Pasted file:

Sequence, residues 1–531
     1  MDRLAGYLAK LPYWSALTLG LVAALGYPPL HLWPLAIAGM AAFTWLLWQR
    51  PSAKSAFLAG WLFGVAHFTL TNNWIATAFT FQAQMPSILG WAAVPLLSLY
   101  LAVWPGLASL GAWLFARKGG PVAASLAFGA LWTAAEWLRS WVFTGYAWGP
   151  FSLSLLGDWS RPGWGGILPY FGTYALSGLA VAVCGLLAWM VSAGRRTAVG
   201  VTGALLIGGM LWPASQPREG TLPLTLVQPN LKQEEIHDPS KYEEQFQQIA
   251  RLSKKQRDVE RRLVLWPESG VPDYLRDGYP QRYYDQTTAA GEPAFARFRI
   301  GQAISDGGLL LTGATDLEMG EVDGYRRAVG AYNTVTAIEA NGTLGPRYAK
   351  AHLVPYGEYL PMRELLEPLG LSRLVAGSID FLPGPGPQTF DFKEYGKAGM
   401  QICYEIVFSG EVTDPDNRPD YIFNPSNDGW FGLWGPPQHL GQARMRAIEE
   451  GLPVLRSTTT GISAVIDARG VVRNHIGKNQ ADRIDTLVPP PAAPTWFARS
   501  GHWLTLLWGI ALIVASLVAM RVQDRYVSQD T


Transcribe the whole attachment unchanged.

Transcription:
Sequence, residues 1–531
     1  MDRLAGYLAK LPYWSALTLG LVAALGYPPL HLWPLAIAGM AAFTWLLWQR
    51  PSAKSAFLAG WLFGVAHFTL TNNWIATAFT FQAQMPSILG WAAVPLLSLY
   101  LAVWPGLASL GAWLFARKGG PVAASLAFGA LWTAAEWLRS WVFTGYAWGP
   151  FSLSLLGDWS RPGWGGILPY FGTYALSGLA VAVCGLLAWM VSAGRRTAVG
   201  VTGALLIGGM LWPASQPREG TLPLTLVQPN LKQEEIHDPS KYEEQFQQIA
   251  RLSKKQRDVE RRLVLWPESG VPDYLRDGYP QRYYDQTTAA GEPAFARFRI
   301  GQAISDGGLL LTGATDLEMG EVDGYRRAVG AYNTVTAIEA NGTLGPRYAK
   351  AHLVPYGEYL PMRELLEPLG LSRLVAGSID FLPGPGPQTF DFKEYGKAGM
   401  QICYEIVFSG EVTDPDNRPD YIFNPSNDGW FGLWGPPQHL GQARMRAIEE
   451  GLPVLRSTTT GISAVIDARG VVRNHIGKNQ ADRIDTLVPP PAAPTWFARS
   501  GHWLTLLWGI ALIVASLVAM RVQDRYVSQD T